A master villain planning the world's biggest heist meets his greatest challenge in three orphaned girls who see him as a potential dad. The animated movie has some clever moments and colorful characters, but it isn't particularly memorable. It's actually darker and odder than most family-friendly animated fare, but it goes predictably soft and gooey at the end. (PG, 95 mins.)

'Step Up 3D' **
In the series' third film, a tight-knit group of street dancers find themselves pitted against the world's best dancers in a high-stakes hip-hop showdown. While the synchronized camera and body movement literally stands out, the story is cliched and the acrobatic cast doesn't display anything even closely approximating charisma. (PG-13, 97 mins.)

'Salt' **
Angelina Jolie stars as a CIA agent who's accused of being a Russian sleeper spy. She goes on the run while trying to clear her name, using all her skills as a covert operative to stay one step ahead of the agency's pursuits. No actress working today is as convincing an action star as Jolie, and she does tear it up in the visceral fight scenes, but the movie doesn't help us care for her character, as Salt's motives and her fate aren't sufficiently fleshed out. (PG-13, 93 mins.)

'Dinner for Schmucks' ***
Steve Carell and Paul Rudd — who previously worked together on "The 40-Year-Old Virgin" and "Anchorman" — collaborate again in this comedy about an ambitious finance executive who fights for a promotion on the condition that he invite a megadork to a dinner contest, where the one who brings the biggest imbecile wins. The movie's tone is more naughty than raunchy, and the little character turns by everyone in the cast are an embarrassment of comic riches. (PG-13, 114 mins.)

'Cats & Dogs: The Revenge of Kitty Galore' ***
Nearly a decade after the original, the 3-D spy spoof sequel has the two sides forming an unlikely alliance against a common enemy: a demented hairless cat trying to take out dogs and humans alike. There's enough here in this movie to keep everyone watching — grown-ups, kids, dogs, cats — entertained. (PG, 87 mins.)



Doris Duke Theatre

Honolulu Academy of Arts, 900 S. Beretania St. (532-8768); $8.50 general; $7.50 seniors, students and military; and $5 academy members (tickets also available online at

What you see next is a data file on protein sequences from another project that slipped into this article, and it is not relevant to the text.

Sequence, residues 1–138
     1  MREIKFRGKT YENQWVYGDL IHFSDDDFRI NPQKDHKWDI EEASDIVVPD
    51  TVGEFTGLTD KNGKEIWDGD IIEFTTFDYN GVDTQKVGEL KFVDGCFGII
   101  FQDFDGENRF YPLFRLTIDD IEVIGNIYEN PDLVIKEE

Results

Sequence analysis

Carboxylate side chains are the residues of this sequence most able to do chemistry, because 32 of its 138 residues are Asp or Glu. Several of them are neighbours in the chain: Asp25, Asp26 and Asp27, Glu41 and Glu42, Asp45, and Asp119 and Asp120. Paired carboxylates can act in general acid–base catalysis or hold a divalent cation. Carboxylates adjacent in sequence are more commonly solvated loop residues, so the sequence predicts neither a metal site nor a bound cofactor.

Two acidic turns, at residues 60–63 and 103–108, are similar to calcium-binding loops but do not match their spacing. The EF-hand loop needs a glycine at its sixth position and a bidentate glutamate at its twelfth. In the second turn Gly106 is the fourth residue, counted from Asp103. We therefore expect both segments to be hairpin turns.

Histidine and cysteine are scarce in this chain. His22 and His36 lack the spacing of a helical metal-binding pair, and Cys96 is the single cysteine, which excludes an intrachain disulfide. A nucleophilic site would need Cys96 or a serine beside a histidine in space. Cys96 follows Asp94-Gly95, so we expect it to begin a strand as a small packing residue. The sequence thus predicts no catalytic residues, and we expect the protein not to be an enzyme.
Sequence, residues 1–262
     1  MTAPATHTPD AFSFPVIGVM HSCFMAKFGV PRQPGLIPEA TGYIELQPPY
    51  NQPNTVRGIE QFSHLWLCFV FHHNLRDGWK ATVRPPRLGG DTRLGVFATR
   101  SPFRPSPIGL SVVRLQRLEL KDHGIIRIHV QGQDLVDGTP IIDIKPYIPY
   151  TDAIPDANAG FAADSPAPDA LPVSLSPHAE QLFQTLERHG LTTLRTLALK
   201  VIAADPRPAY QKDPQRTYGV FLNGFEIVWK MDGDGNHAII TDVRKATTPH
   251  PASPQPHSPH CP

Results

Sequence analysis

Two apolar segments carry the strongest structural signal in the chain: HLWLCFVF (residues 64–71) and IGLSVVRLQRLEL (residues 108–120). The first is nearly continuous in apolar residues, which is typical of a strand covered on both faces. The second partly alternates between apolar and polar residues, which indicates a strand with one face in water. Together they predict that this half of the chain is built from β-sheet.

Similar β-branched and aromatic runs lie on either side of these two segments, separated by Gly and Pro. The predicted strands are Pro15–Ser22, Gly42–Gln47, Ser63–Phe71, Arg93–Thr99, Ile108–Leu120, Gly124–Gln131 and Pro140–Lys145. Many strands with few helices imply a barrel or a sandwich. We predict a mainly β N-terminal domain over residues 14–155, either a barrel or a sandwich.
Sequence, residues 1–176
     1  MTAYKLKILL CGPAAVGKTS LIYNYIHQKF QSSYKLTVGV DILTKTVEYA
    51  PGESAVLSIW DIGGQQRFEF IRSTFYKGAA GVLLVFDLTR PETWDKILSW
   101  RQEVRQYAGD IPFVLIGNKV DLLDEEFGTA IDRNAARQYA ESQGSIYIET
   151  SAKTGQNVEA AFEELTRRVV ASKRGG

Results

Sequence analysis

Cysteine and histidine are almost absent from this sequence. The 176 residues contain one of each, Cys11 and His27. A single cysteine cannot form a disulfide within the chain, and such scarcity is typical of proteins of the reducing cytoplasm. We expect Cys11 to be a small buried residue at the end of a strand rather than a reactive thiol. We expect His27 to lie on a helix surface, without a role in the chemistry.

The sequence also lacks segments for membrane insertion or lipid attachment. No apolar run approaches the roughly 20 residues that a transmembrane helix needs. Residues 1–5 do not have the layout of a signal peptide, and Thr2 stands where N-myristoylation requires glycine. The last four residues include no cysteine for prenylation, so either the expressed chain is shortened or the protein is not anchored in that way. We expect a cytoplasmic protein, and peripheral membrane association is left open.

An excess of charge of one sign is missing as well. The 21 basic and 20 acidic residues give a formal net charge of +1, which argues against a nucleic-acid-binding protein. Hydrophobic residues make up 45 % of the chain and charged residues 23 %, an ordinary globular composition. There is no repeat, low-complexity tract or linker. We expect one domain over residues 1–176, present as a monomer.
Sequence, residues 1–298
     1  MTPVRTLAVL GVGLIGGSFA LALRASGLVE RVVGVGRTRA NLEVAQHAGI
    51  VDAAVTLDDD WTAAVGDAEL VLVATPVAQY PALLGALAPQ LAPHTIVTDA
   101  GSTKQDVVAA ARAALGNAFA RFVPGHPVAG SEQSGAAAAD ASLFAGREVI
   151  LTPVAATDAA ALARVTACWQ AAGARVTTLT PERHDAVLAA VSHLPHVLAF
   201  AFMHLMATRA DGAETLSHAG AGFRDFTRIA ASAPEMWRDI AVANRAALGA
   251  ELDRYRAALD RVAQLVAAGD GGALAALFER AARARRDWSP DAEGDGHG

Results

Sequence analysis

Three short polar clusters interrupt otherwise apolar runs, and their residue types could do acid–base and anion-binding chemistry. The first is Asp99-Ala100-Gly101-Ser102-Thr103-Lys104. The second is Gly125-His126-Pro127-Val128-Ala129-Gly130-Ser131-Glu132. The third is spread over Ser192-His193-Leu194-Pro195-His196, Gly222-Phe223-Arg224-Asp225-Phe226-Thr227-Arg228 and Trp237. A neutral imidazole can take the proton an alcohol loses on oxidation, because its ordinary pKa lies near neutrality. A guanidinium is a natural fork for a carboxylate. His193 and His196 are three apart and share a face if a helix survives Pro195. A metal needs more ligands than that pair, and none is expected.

'Mid-August Lunch'
1, 4 and 7:30 p.m. today and tomorrow
Gianni Di Gregorio's directorial debut is a charming tale of good food, feisty ladies and unlikely friendships as a middle-aged man looks after a group of elderly women during a Roman holiday. (75 mins.)

'Here and There'
1, 4 and 7:30 p.m. Tuesday through Thursday
A jaded, middle-aged New Yorker and unemployed musician goes to Serbia to make quick cash by marrying his acquaintance's girlfriend so she can get her U.S. immigration papers. Review on Page 27. (85 mins.)


Movie Museum

3566 Harding Ave. (735-8771) ; $5 general and $4 members; reservations recommended:

'Hunting & Gathering (Ensemble, C'est Tout)'
12:15, 2, 3:45, 5:30, 7:15 and 9 p.m. today and Sunday
Audrey Tautou and Guillaume Canet star in the charming tale of four loners, from different walks of life, who will eventually live together and become friends. (2007, 93 mins.)

'A Prophet'
12:15, 3, 5:45 and 8:30 p.m. tomorrow
In this hard-hitting Oscar nominee, a young Frenchman of Arab descent is sent to prison a naive and unformed outsider and becomes, while incarcerated, a fully hardened and professional criminal. (2009, 155 mins.)

'The Fascist'
12:30, 2:30, 4:30, 6:30 and 8:30 p.m. Monday
A rarely screened gem from the golden age of Italian film comedy, it's about the odd friendship that grows between an ambitious provincial party secretary and an anti-fascist activist during the time of Mussolini. (1961, 97 mins.)

12:30, 2:30, 4:30, 6:30 and 8:30 p.m. Thursday
Isabelle Huppert and Olivier Gourmet star in this claustrophobic drama about a family living on the edge of an abandoned highway. (2008, 98 mins.)